Imagine waking up every morning with a perfectly even complexion — the kind that looks like you’ve had a team of pros airbrushing your face overnight. That’s the promise of semi-permanent BB cream (a.k.a. ‘BB Glow’). But is it too good to be true?
BB Glow is essentially a form of microneedling that has made its way stateside from South Korea. Like typical microneedling, an aesthetician first applies numbing cream to the face. Unlike the traditional treatment, semi-permanent pigments are added to the mix to tint the complexion for about six months to one year. “This procedure is meant to improve the overall appearance of the skin including uneven skin tone, fine lines, wrinkles, hyperpigmentation, age spots, post-acne pigmentation, and large pores,” explains Sejal Shah, MD, a board certified dermatologist in New York City.
So, what makes semi-permanent BB cream different from a traditional microneedling procedure? “With anti-aging microneedling formulas, the ingredients absorbed through the channels are mostly skin-centric and nutritional raw ingredients,” says permanent makeup pioneer Dominique Bossavy. As she explains it, they are usually biodegradable and either work with the lipids or water particles in the cellular makeup of the skin. “They are easily absorbed or carried away and expelled, so their negative effects are either limited and short or there are none,” she continues.
The same cannot necessarily be said of BB Glow pigments. The treatment is not approved or regulated by the United States Food and Drug Administration (FDA). As the FDA notes in its Tattoos & Permanent Makeup Fact Sheet: “Although a number of color additives are approved for use in cosmetics, none is approved for injection into the skin.” The agency continues to investigate the safety of permanent makeup ink with periodic voluntary recalls, including one in 2017 involving inks that were microbially contaminated. While there are reputable providers using quality pigments, Bossavy warns that the lack of regulation makes BB Glow a “buyer beware” procedure.
Our experts say that the process of getting semi-permanent blush or lip color is essentially the same as getting a semi-permanent foundation procedure. The difference lies in the amount of surface area being treated. The more skin being injected with pigmented serum, the more potential for complications and side effects.
Like all semi-permanent makeup, there’s really no way to predict exactly how the pigment will hold up over time. “When the pigment starts to fade, it may be more noticeable on the entire face because it is a relatively larger area,” Dr. Shah warns. From microblading mishaps to blundered lip blush, she has treated patients looking to remove their semi-permanent makeup — something that’s harder to do with an all-over treatment like BB cream.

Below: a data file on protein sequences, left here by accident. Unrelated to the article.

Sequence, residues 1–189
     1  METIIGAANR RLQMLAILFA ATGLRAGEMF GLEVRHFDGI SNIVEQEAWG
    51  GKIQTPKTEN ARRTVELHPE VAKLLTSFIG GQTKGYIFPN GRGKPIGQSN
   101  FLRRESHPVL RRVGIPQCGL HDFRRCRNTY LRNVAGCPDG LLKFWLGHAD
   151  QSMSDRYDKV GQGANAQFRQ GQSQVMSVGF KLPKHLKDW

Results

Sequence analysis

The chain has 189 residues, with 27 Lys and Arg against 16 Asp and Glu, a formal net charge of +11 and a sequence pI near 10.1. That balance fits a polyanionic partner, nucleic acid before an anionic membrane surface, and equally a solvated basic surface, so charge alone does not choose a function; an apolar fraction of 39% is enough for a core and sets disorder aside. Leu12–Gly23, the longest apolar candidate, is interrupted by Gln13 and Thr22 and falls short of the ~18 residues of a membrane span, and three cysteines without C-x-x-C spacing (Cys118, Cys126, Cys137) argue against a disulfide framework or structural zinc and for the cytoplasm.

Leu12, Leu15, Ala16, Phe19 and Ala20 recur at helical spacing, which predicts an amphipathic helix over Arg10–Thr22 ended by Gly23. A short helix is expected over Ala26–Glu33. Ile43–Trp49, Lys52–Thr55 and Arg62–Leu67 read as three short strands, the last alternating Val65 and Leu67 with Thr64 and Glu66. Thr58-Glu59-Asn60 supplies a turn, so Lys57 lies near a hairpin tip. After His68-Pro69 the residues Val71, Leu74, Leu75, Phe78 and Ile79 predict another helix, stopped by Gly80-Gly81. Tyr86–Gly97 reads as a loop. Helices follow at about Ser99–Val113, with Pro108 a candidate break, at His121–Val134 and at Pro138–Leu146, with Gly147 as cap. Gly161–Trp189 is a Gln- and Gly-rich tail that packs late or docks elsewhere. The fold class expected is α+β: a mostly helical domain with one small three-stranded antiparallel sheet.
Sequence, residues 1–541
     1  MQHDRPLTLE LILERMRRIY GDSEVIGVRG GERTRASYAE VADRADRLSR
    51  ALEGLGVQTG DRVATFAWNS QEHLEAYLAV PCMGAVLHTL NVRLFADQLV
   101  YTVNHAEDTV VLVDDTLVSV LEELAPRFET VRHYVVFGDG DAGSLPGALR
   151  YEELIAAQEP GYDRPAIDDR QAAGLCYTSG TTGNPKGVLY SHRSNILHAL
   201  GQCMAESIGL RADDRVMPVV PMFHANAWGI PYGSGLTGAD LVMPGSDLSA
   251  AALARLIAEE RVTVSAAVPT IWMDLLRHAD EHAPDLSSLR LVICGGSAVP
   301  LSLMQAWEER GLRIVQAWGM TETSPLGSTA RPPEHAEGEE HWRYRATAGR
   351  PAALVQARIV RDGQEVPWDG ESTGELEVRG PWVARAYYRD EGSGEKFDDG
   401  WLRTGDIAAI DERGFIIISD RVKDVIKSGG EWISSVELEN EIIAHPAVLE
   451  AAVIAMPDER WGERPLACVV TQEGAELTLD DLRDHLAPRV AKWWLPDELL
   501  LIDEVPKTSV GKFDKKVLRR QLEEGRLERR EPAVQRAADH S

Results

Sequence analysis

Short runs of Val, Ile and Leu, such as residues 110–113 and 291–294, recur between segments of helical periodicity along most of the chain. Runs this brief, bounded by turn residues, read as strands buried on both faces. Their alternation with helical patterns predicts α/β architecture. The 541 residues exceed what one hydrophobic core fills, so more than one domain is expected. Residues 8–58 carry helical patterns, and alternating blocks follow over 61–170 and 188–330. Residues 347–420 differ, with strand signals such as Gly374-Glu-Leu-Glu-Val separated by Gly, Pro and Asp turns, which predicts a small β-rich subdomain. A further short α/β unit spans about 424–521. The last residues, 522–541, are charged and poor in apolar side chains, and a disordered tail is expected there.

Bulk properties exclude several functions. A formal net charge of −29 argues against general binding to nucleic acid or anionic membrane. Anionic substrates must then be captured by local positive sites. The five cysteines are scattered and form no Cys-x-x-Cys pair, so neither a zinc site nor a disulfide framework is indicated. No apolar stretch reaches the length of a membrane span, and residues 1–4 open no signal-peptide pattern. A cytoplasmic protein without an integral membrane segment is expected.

It’s no secret that tattoos can be notoriously difficult to remove, and BB Glow pigments often contain titanium dioxide, which is blended with brown and red pigments to mimic skin tone. It is known to turn blue or black when exposed to lasers, potentially leading to permanent discoloration.
But that’s not the only concern associated with titanium dioxide. “[It’s] one of the largest, most opaque and lasting pigment particles that can remain a lifetime in the skin without fading,” Bossavy explains. “The quantity of non-degradable material deposited over an entire face every few months … can accumulate over time and trigger an immune response that can last longer — creating much uncertainty for the long term.”
BB Glow side effects can range from allergic reactions, contact dermatitis, broken capillaries, infection, and postinflammatory hyperpigmentation (PIH) to granulomas (i.e. the hardening of tissue surrounding the pigment particles), scarring, organ toxicity, and cell damage. Additionally, there is still much research to be done about semi-permanent makeup more generally. For example, some people with permanent eyeliner have reported experiencing burning and swelling from magnetic resonance imaging (MRI) procedures. Though it may be too early to say with certainty, pigment covering the entire face could prove similarly problematic.
Given the safety concerns of semi-permanent BB cream treatments, what can mimic the, admittedly, alluring effects of a ‘I woke up like this’ flawless face? “There are a number of topical treatments available, as well as chemical peels, lasers, radiofrequency microneedling, and microneedling without pigments,” Dr. Shah says. On the skincare front, she recommends vitamin C, kojic acid, hydroquinone, arbutin, and retinoids for lightening and brightening the skin. Fractional lasers (Fraxel®, CO2, Pico), microneedling, and chemical peels, meanwhile, can “address texture and tone,” she adds.
Until more research can be done into the long term safety and efficacy, Bossavy suggests steering clear of the ‘beauty’ treatment. “Many things are possible, but that doesn't mean they are safe,” she cautions. “Too often, when beauty is at stake, we are quick to recklessly sacrifice safety for instant beauty gratification. It may look good and feel good now, but we will pay a high price later.”